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Seasonal Variation of Microhabitat Distribution of the Polymorphic Land Snail Cepaea nemoralis
Hsueh-Wen Chang and John M. Emlen
Vol. 93, No. 4 (1993), pp. 501-507
Stable URL: http://www.jstor.org/stable/4220290
Page Count: 7
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We studied the seasonal variation of microhabitat distribution of the land snail Cepaea nemoralis over a 3-year period in a population at Dansville, New York. Stratified random quadrat sampling was used to determine snail densities and environmental variables in each month. The plant cover of each quadrat was estimated by a modified Daubenmire measure. Canonical correlation analysis was used to investigate the relationship between the morph density and the environmental variables. Significant relations existed between snail morphs and environmental variables in 8 of the 13 months analyzed. Temperature and rainfall are two important factors affecting such relations. In hot and dry summer months, morphs had a stronger canonical correlation with the environmental variables than in cool and wet months. Food and shelter were important in determining distribution over habitats of the snail. Food was primarily responsible for snail distribution over habitats in the early summer. As the weather became hot and dry, the importance of shelter became more evident. Both banded and unbanded morphs tended to be associated strongly with sheltered microhabitats in hot dry seasons.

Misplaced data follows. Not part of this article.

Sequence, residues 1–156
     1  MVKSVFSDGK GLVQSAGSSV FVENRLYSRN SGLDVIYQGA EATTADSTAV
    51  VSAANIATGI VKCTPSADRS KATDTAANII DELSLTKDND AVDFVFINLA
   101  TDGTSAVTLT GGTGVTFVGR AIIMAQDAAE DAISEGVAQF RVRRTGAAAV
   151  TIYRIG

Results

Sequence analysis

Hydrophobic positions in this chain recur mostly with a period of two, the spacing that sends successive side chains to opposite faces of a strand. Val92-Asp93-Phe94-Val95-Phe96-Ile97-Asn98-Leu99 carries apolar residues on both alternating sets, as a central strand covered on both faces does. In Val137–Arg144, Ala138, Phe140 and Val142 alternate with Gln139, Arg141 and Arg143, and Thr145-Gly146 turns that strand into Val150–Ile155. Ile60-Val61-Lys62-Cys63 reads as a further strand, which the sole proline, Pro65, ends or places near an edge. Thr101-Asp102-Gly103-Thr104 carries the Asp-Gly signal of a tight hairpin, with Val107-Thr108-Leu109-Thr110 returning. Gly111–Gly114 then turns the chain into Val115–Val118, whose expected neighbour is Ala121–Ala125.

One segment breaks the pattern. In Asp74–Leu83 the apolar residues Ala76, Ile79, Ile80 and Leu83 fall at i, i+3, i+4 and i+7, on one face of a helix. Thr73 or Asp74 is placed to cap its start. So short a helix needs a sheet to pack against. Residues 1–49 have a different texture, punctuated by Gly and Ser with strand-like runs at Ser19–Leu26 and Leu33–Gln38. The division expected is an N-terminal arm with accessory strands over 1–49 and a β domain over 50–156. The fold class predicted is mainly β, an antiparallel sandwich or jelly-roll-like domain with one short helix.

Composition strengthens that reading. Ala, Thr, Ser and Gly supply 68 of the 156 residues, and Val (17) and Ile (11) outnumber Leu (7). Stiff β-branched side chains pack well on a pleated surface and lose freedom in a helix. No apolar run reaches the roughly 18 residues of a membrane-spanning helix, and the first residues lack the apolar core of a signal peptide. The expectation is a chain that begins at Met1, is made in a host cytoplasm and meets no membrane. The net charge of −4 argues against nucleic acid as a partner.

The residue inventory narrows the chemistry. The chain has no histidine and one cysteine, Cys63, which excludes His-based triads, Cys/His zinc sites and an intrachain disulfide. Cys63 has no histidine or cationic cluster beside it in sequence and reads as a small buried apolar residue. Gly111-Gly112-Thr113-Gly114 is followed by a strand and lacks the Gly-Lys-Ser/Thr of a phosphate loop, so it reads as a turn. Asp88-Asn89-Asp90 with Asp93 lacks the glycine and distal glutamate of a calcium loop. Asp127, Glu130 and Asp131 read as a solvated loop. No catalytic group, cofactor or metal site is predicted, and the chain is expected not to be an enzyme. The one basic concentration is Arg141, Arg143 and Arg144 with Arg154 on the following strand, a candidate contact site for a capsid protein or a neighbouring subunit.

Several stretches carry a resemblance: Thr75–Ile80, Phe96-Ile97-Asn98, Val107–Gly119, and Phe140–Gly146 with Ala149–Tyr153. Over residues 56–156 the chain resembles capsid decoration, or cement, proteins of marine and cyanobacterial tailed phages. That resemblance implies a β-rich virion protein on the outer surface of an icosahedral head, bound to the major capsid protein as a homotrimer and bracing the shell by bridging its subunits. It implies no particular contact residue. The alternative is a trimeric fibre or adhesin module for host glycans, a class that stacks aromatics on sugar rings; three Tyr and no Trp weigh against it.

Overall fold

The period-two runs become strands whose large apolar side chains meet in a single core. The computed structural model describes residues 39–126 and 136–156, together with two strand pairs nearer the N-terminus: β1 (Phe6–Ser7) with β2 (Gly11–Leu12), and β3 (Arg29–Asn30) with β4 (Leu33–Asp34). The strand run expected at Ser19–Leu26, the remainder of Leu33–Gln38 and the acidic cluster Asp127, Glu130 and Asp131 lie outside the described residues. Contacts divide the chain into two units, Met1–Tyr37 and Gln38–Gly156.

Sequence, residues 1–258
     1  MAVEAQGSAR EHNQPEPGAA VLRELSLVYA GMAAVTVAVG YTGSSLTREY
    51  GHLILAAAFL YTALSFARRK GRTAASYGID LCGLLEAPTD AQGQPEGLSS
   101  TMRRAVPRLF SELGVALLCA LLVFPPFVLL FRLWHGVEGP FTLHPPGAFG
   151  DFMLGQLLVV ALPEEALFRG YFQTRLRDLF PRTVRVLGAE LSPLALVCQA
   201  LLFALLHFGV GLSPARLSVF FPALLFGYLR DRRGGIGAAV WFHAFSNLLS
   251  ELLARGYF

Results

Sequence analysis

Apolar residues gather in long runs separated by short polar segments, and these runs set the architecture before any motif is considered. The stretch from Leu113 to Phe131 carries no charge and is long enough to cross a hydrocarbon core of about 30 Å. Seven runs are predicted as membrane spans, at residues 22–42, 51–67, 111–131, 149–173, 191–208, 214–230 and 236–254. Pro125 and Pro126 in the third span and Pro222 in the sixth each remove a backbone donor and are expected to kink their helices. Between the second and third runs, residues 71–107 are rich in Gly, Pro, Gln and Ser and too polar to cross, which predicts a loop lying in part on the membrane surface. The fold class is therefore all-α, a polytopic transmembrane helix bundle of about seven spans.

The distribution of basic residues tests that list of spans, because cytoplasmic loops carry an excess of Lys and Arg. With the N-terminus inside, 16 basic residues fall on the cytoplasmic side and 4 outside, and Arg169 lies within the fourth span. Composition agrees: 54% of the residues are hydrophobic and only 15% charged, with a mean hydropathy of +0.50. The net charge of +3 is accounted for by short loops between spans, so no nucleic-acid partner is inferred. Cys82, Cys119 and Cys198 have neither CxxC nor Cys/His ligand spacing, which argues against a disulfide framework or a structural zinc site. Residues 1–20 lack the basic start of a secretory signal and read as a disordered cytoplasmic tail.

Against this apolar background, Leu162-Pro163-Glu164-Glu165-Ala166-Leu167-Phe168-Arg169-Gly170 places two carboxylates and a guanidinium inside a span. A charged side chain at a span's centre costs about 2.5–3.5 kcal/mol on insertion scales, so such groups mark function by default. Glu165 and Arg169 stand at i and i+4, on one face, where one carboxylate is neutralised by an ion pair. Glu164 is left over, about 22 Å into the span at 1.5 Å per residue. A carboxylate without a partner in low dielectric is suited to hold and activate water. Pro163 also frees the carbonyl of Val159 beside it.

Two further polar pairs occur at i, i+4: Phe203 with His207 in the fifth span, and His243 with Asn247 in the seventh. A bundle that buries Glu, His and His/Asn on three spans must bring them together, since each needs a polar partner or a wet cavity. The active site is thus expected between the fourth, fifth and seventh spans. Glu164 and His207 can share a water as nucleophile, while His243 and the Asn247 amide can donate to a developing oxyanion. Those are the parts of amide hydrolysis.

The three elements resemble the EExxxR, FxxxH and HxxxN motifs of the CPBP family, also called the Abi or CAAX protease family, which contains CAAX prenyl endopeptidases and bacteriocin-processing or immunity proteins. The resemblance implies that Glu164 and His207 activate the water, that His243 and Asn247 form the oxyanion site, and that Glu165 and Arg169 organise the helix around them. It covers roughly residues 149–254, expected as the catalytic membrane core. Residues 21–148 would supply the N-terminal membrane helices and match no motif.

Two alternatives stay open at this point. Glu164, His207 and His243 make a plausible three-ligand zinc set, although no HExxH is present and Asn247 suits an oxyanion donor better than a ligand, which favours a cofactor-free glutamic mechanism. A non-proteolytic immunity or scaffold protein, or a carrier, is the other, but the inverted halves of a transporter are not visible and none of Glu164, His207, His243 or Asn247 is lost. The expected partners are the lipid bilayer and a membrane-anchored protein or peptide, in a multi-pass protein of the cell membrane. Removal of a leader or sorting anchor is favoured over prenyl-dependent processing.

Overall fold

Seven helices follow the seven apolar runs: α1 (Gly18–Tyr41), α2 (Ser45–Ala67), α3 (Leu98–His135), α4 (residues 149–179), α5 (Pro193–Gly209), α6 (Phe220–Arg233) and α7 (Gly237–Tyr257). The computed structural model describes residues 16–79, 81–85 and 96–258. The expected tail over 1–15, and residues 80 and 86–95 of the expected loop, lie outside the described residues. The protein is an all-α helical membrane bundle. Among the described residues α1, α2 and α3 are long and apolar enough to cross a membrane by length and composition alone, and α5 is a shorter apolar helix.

Oecologia © 1993 Springer